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Opinion: TikTok ban limits young people’s ability to share information, political discourse

A hand holding a phone with the TikTok app is pictured. (Daily Bruin file photo)

By Sofia Martins

May 24, 2024 12:06 a.m.

This post was updated May 29 at 8:15 p.m.

Get ready to say goodbye to TikTok.

If the beloved social media app is not sold within the next year, the United States government will ban the platform nationwide.

With over 1 billion monthly active users across the globe, TikTok changed the game for online media consumption and user interaction because of its ability to integrate short-form videos with popular music and sounds. Beyond the lighthearted content, the platform has also become a staple for political discourse, allowing people from diverse backgrounds to share their views.

On April 24, President Joe Biden signed a bill that forces TikTok’s parent company, ByteDance, to sell its share of the social media app within nine months, with the possibility of a three-month extension. The bill was quickly passed through U.S. Congress with bipartisan support.

Considering the difficulty of selling such a big business in such a short time span, ByteDance would most likely have to cease TikTok’s operations in the U.S. in about a year.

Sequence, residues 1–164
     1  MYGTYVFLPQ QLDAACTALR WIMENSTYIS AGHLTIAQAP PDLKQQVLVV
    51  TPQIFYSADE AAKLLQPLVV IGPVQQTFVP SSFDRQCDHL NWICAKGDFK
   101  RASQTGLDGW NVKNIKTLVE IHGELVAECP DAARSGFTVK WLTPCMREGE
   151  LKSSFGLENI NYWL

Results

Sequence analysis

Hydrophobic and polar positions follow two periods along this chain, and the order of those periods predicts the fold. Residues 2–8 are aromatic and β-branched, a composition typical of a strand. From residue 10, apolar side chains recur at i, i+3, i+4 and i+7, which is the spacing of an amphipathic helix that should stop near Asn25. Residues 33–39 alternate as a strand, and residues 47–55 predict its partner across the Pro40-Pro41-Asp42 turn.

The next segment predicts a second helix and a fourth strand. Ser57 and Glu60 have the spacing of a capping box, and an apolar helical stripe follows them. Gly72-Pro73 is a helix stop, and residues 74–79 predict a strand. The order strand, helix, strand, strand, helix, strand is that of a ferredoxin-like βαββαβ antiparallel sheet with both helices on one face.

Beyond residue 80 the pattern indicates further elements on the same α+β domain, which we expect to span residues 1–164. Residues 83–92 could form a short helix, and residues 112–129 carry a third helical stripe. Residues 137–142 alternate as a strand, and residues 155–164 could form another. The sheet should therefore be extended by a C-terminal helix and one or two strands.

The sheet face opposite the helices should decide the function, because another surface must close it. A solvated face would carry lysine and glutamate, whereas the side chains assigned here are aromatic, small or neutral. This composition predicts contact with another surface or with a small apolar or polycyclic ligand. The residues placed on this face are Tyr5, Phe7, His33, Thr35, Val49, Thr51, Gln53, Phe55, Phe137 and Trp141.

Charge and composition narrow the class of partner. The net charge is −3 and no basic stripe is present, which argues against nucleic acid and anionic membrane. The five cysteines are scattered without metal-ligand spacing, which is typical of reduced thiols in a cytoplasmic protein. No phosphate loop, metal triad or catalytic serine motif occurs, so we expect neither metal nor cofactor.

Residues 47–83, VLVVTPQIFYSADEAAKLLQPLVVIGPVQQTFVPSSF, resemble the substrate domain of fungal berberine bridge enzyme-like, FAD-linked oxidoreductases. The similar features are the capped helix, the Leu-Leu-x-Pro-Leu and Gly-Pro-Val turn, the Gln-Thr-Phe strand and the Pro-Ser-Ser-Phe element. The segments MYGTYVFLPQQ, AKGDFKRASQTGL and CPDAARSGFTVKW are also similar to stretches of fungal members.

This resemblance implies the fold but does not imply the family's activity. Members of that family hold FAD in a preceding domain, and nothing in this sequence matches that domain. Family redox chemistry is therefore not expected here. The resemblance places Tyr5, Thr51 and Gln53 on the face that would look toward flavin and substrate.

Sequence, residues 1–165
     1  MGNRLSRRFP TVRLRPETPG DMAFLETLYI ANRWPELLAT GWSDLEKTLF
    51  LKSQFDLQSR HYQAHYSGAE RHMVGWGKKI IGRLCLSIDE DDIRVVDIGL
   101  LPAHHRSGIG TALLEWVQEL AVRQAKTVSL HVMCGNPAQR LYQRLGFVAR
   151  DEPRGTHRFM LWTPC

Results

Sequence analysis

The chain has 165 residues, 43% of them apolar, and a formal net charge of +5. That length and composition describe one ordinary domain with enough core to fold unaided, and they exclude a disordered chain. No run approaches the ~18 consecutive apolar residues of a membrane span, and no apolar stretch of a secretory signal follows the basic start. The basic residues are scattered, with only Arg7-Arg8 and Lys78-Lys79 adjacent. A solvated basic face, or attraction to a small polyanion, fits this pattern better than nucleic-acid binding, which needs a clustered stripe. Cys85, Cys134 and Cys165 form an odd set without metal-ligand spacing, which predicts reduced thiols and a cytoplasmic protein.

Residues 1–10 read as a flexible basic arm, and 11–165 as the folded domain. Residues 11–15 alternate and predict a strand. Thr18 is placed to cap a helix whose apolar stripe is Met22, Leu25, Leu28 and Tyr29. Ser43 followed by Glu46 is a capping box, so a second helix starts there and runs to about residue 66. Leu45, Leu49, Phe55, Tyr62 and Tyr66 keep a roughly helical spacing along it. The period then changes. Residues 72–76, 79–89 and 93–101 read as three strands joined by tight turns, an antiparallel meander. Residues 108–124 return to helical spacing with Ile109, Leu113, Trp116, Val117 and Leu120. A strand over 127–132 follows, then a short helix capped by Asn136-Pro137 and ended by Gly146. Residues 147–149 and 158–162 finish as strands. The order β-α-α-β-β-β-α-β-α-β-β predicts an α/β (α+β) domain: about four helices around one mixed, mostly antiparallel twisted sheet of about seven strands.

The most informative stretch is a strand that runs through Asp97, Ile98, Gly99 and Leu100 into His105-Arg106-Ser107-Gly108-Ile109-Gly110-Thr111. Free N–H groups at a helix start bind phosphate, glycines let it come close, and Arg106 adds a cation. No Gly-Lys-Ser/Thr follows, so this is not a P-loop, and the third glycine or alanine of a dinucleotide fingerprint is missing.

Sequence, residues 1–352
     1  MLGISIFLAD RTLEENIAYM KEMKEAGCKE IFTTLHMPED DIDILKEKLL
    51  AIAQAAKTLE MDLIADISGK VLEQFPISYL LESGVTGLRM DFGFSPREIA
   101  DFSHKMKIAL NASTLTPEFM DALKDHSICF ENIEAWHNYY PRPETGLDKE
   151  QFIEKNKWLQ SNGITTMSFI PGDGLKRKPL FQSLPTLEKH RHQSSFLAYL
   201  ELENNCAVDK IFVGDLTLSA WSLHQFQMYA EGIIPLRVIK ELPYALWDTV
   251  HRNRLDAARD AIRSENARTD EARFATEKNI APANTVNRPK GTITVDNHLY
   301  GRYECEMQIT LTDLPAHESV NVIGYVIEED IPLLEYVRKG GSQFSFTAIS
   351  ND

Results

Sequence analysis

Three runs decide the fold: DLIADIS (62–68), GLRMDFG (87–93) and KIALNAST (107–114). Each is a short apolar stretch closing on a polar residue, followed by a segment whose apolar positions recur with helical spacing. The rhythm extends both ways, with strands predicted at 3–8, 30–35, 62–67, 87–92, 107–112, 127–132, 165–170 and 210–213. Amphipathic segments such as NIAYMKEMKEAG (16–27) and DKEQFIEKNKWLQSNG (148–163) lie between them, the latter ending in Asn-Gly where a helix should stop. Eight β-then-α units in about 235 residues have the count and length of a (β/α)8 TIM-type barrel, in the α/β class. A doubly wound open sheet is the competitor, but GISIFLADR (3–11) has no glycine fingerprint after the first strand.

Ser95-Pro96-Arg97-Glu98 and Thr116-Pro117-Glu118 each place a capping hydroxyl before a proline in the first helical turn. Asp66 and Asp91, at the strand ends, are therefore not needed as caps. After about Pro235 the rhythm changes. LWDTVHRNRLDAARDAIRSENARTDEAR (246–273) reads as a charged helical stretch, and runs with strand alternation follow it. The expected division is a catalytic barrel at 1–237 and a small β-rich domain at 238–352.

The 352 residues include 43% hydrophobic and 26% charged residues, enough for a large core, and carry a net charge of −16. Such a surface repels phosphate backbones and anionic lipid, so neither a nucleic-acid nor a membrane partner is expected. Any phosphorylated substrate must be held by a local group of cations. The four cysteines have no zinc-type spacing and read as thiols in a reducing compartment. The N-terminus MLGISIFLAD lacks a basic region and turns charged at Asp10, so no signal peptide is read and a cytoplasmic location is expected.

It goes without question that banning TikTok would hinder people’s ability to politically engage and converse online. The ban would violate free speech since it directly excludes a critical platform for political interaction, especially for young people. As a result, new generations would lose an established communication channel and have to start over on less engaging platforms.

The official justification of the bill is in the name of national security. Since ByteDance is based in Beijing, the U.S. government is concerned that the Chinese government would use its authority over TikTok’s parent company to manipulate the American public’s opinion, share users’ data and influence elections. However, the White House has yet to publicly provide evidence that the Chinese government has interfered in ByteDance’s business to advance its own political interests.

Considering America’s tumultuous political and economic relationship with China, one could question whether the issue of national security and data privacy is the sole motivator for the TikTok ban. After all, if the U.S. government were worried about data breaches in general, it would have looked for an intermediate alternative that allowed TikTok to remain in the nation while protecting Americans’ digital information.

In fact, ByteDance proposed an initiative called Project Texas, which would give the U.S. government considerable access to TikTok’s U.S. operations and transfer all American user information to servers owned by Oracle – an American tech corporation based in Austin, Texas – and other auditing firms. However, the Biden administration rejected the proposal.

Shazeda Ahmed, a Chancellor’s Postdoctoral Fellow at the UCLA Center on Race & Digital Justice, said it is contradictory that the U.S. is trying to ban TikTok out of fear of election interference. There is evidence that major American-owned tools, such as Google and YouTube, have shaped elections and people’s behaviors worldwide without many consequences, she said.

Even in the U.S., Facebook – an American-owned company – has been utilized by Russia to shape public opinion and potentially influence the results of the 2016 presidential election.